Almost nine years after the invasion of Iraq, the war was declared officially over with the withdrawal of all U.S. combat troops and their return home — in time for the holidays, no less.

As always, the worlds of entertainment, sports and celebrity are part of the gallery, adding a light, colorful touch to a memorable year.

Enjoy the look back with us, and have a wonderful 2012.

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Make no mistake; stories can be presented entirely through gameplay. In this article, we'll take a closer look not at "narrative/story games" but the story of gameplay and consider why we separated the two in the first place.

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Students from Bellport High School, many wearing their graduation caps and gowns, embraced Friday outside Our Lady of Mount Carmel Roman Catholic Church in Patchogue, N.Y., where a funeral was held for 17-year-old Jennifer Mejia, one of four people killed in a Medford robbery Sunday. (Kevin P. Coughlin for The Wall Street Journal)


Dozens of brass players positioned themselves around the lake in Central Park Tuesday, playing an original composition called to an audience in rowboats as part of a daylong event called Make Music NY, which consisted of more than a thousand free concerts across New York City over the course of the day. (Rob Bennett for The Wall Street Journal)


Antonio Munoz, center, rounds a corner during the Skyscraper Classic cycling race in Harlem on Sunday. Leif Lampater of Germany claimed the overall men’s professional title. (Ramsay de Give for The Wall Street Journal)


Bernice Acosta was among the thousands who celebrated the summer solstice by performing yoga in Times Square on Tuesday. (Mario Tama/Getty Images)


Artist Akihiro Ito helps install his sculpture titled ‘Forever,’ on Tuesday in Riverside Park on the Hudson River near 60th Street. Other works by members of the Art Students League also will be installed along the riverfront for a year. (Rob Bennett for The Wall Street Journal)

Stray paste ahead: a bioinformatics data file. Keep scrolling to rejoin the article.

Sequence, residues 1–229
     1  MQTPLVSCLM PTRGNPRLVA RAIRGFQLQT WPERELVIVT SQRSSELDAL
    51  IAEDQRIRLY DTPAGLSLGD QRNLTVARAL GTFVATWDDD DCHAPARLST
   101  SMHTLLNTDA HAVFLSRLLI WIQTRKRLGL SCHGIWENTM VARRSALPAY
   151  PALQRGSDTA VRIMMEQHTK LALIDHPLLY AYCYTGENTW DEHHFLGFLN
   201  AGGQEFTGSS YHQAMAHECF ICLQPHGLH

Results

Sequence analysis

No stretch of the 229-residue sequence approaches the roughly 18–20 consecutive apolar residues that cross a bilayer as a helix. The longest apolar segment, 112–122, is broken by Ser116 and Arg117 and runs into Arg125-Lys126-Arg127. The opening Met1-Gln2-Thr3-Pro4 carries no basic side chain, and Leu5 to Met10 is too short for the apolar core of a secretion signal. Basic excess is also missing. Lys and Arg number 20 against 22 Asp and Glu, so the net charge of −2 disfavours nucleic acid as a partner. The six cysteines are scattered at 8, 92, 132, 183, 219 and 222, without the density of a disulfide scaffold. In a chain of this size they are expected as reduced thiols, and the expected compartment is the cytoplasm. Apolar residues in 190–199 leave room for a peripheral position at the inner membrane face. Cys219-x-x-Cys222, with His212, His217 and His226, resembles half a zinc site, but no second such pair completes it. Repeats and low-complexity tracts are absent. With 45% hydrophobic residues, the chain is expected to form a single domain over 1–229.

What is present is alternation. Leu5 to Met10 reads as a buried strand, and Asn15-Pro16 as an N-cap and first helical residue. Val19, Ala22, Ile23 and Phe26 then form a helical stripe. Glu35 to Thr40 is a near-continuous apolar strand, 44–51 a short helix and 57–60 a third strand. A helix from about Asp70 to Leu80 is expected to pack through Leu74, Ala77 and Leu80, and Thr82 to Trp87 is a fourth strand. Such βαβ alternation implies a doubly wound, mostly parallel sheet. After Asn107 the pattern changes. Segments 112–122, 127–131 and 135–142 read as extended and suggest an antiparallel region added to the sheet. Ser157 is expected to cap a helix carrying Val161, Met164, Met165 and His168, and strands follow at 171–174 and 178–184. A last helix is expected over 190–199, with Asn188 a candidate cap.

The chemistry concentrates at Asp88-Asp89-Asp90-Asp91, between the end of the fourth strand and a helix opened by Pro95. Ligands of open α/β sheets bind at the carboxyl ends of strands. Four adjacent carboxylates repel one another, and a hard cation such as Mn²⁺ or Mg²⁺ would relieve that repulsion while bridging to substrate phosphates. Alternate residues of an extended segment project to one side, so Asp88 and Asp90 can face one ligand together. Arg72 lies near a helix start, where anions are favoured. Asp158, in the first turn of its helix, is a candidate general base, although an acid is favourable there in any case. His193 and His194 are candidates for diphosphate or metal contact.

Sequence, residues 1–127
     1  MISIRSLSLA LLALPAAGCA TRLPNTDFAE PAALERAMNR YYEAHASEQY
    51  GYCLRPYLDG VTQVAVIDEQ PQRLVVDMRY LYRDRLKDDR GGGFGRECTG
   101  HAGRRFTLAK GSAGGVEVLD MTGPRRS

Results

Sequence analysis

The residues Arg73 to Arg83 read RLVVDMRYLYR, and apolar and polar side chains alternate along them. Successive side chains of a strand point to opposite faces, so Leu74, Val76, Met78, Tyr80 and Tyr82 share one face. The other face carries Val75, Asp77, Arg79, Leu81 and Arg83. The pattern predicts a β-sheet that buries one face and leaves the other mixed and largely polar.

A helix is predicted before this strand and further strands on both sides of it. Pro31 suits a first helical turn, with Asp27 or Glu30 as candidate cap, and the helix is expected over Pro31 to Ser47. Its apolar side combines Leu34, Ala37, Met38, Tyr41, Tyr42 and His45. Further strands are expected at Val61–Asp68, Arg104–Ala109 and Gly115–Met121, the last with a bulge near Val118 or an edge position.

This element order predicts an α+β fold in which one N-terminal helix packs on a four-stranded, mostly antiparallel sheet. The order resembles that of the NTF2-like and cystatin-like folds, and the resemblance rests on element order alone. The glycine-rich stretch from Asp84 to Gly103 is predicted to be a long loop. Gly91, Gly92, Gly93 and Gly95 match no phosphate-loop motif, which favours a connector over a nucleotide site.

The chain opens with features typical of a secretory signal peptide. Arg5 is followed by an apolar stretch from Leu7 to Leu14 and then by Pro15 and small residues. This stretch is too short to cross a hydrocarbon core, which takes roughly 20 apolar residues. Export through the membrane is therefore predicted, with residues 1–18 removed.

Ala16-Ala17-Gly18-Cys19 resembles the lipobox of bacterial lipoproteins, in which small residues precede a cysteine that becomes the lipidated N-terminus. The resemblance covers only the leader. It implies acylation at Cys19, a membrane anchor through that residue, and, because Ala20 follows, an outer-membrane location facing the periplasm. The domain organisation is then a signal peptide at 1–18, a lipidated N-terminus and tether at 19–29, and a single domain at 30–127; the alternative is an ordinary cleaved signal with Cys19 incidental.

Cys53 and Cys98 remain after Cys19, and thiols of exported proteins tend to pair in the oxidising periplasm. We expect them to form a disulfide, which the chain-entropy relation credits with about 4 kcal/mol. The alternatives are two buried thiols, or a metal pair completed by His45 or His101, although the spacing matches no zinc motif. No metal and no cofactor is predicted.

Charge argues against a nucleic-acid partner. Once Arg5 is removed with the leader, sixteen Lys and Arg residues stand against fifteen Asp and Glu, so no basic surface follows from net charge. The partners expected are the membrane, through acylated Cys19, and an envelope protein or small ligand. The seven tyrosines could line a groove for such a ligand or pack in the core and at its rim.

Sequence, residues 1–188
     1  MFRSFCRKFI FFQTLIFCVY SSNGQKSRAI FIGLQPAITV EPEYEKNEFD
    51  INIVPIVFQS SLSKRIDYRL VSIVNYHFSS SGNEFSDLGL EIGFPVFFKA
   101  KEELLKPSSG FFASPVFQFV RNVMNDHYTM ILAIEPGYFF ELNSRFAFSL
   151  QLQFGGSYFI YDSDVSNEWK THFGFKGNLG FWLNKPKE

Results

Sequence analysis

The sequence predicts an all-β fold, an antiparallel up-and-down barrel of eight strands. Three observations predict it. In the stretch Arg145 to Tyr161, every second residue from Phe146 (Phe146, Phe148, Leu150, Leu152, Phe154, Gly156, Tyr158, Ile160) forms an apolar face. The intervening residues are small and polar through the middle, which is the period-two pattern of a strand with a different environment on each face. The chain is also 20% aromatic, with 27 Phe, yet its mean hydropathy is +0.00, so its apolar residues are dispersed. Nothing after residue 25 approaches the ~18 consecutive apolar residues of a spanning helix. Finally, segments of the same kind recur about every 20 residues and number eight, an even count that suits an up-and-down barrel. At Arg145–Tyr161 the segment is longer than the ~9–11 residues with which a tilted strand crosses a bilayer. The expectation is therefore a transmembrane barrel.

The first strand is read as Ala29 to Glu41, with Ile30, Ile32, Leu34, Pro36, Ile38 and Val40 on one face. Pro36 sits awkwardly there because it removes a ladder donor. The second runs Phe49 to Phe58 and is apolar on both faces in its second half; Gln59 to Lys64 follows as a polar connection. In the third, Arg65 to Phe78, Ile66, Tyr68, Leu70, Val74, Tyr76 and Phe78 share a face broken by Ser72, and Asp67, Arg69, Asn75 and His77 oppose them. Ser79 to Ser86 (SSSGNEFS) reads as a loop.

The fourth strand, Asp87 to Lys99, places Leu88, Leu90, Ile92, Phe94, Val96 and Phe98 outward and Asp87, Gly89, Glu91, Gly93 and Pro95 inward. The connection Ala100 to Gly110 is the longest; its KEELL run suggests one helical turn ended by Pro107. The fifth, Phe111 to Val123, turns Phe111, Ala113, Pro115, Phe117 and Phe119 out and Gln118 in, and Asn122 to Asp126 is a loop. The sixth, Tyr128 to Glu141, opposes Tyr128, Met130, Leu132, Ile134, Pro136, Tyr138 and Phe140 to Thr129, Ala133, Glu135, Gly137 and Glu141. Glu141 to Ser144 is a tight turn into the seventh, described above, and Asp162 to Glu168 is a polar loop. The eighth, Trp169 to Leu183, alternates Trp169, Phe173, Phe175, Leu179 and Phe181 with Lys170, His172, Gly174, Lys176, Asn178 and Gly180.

Chinese artist Liu Bolin was painted for an art project at the Charging Bull in lower Manhattan Thursday. Mr. Bolin is creating a series called ‘Hiding In The City’ in which he camouflages himself against an urban background for a self-portrait.  (Bryan Derballa for The Wall Street Journal)


Ibtihaj Muhammad practiced her thrusts Thursday in Maplewood, NJ. Ms. Muhammad, 25, is the 11th ranked female saber fencer in the world and the 2nd ranked US Women’s saber fencer.  (Natalie Keyssar for The Wall Street Journal)


Braised rutabaga with plum, fennel, pistachio and goat cheese at Gotham Bar & Grill. (Ramsay de Give for The Wall Street Journal)


Andrej Ruff proposed to Natalia Giesbrecht, his girlfriend of 12 years, in a row boat on Central Park on Tuesday. (Rob Bennett for The Wall Street Journal)


Actor Todd Lawson on the cot babckstage at the Acorn Theatre on 42nd Street. (Rob Bennett for The Wall Street Journal)


A fan is carried by a New York City police officer to an ambulance after falling ill at a promotional appearance by Justin Bieber at Macy’s in New York Thursday. (Rob Bennett for The Wall Street Journal)


James ‘Whitey’ Bulger peered down from a digital billboard above Times Square on Monday. (Rob Bennett for The Wall Street Journal)


Kyrie Irving, who many sports analysts expect to be the No. 1 pick in the NBA draft Thursday night, attended a clinic for athletes with mental disabilities with Brandon Knight, left, and Kemba Walker, right, at New York City’s John Jay College Wednesday. (Rob Bennett for The Wall Street Journal)


Steve Nash of the Phoenix Suns shows off his soccer skills during a charity match Wednesday on the Lower East Side. Several NBA and soccer stars participated in the annual event. (Rob Bennett for The Wall Street Journal)


Robin Mazzanewitter and her father, Paul Mazza, played gongs in Columbus Circle as part of the Make Music NY festival. (Natalie Keyssar for The Wall Street Journal)